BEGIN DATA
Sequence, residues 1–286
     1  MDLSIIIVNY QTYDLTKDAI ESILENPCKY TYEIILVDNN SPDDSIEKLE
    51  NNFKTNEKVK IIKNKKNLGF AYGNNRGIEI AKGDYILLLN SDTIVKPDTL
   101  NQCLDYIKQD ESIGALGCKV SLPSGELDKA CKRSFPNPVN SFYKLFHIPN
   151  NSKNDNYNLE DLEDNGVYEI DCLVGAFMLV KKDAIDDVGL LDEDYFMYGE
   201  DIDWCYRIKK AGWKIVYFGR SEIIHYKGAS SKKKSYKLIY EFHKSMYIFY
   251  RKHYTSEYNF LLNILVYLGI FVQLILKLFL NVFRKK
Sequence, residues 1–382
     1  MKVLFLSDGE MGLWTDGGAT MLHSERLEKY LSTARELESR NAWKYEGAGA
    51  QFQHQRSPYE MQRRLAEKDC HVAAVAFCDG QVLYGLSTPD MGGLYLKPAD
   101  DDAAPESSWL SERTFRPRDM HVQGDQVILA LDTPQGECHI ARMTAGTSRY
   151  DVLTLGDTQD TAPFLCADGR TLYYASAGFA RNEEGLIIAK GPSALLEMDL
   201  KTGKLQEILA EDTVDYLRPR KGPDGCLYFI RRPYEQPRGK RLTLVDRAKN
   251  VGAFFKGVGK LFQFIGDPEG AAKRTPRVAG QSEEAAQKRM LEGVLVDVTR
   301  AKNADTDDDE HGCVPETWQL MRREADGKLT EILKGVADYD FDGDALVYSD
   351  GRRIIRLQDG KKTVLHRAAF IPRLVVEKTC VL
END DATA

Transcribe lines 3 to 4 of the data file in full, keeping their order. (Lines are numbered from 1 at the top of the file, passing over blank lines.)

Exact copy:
    51  NNFKTNEKVK IIKNKKNLGF AYGNNRGIEI AKGDYILLLN SDTIVKPDTL
   101  NQCLDYIKQD ESIGALGCKV SLPSGELDKA CKRSFPNPVN SFYKLFHIPN